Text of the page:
The days when highly skilled candidates were lining up for jobs are long gone. Sadly, we find that the mindset and hiring practices of many employers have not kept up pace with the changes on the market.
We are clearly on the cusp of the next technology boom. This also means that both technical staff and management experts in this field are in already high demand. We expect this interest to continue to grow.
Twenty or thirty years ago this would mean that companies would go into a full out salary bidding war with usually the big players winning over the smaller companies. This, however, is no longer the case. The playing field has changed. The candidates are not as easily brought over by an increase in salary.
Of course, there will always be those who can be bought, but generation X and Y are shunning both the 9-5 mentality and working purely for financial gain.
It is time that hiring managers realise this and make changes. Otherwise, they risk missing out on great talent, as well as losing some of their own staff to competitors who understand that work needs to be engaging and the environment fun.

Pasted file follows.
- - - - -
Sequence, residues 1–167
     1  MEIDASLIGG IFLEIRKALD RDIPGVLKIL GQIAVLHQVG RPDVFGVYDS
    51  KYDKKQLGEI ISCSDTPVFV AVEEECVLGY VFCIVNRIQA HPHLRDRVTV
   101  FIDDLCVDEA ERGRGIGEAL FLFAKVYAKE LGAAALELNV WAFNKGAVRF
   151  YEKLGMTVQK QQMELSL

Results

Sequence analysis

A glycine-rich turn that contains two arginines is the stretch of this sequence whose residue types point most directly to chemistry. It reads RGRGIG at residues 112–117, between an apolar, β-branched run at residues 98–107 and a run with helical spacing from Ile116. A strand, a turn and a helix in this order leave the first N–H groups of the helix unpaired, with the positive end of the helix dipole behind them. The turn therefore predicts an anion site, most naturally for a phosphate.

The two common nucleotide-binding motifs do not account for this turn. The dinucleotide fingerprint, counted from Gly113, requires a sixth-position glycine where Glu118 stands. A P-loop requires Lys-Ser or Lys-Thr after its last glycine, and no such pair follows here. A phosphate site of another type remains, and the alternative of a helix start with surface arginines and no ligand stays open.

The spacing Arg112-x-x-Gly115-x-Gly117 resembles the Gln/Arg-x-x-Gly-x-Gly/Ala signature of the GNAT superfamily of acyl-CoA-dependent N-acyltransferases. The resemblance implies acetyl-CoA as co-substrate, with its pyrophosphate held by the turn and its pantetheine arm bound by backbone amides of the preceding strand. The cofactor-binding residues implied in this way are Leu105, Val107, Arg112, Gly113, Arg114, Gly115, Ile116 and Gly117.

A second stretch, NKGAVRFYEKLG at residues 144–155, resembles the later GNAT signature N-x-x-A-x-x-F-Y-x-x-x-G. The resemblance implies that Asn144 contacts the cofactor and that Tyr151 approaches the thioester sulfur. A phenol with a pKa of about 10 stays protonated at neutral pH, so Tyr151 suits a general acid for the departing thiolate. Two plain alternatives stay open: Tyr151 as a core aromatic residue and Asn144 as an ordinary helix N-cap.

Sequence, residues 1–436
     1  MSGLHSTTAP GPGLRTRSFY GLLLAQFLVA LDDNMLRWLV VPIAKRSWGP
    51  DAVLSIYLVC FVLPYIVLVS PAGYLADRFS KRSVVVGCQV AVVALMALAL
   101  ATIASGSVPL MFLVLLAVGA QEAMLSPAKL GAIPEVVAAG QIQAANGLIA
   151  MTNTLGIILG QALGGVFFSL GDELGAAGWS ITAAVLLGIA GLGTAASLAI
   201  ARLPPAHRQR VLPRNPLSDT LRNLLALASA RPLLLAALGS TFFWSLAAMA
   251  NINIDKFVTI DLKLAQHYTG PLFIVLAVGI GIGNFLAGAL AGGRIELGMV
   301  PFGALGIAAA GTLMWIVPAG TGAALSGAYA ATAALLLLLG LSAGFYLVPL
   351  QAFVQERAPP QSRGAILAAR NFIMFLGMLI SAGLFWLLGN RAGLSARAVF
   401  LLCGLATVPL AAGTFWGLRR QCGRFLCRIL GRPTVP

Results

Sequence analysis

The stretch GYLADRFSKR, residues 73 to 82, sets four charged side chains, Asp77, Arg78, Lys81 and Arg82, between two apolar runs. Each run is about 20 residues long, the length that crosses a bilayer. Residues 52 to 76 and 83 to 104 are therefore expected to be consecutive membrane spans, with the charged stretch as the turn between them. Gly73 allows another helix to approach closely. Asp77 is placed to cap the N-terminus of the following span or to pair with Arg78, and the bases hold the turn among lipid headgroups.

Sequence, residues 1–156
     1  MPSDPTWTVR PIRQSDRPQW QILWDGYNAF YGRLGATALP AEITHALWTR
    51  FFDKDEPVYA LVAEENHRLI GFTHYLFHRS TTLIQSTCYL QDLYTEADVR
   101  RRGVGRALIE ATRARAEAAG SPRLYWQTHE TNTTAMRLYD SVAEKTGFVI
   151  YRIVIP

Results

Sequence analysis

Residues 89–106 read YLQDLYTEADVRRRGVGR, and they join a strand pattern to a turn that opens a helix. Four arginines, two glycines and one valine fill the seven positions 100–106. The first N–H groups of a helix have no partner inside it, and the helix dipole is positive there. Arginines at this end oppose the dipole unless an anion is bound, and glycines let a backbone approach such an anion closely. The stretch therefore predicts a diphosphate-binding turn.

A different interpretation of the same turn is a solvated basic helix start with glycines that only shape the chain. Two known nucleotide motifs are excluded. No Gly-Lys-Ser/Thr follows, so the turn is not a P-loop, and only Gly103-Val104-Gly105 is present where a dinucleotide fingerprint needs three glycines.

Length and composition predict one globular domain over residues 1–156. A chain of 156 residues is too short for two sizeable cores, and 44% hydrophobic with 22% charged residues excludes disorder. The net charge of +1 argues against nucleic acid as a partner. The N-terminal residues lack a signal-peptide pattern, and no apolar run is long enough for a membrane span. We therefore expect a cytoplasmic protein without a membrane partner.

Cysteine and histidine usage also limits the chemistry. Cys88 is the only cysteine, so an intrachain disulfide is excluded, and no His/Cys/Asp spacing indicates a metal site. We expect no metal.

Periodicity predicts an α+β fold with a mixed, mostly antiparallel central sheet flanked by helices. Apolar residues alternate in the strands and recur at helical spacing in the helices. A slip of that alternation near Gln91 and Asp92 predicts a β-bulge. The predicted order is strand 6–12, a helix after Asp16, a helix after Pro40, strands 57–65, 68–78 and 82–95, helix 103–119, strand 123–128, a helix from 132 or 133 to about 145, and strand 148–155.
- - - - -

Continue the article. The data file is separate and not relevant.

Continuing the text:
It is crucial that the hiring part of the interview (every interview in the process) focuses on selling the position, company and feel of the organisation to candidates.
Good candidates are usually speaking with several companies at a time and will not move for a few Euro more. They need to know why a company is exciting and what type of organisation it is. Why do people want to work there and why would they choose to spend 14hrs at the office.
People are no longer looking for a safe place to work, but a safe, creative, energetic, friendly, professional, active, engaging and fun place — ideally with “awesome” technical solutions and an interesting challenge — that will enable them to make a leap in their careers.
As headhunters who actively work with passive candidates, we hear these candidates' demands very often and know for a fact that they are deadly serious.
This is also why it is crucial for businesses to learn to sell themselves to potential hires. It is not only about the money, but the environment, opportunity and organisation.
The sooner hiring managers learn to include a sales pitch in their interviews the sooner they will attract better and more motivated talent.
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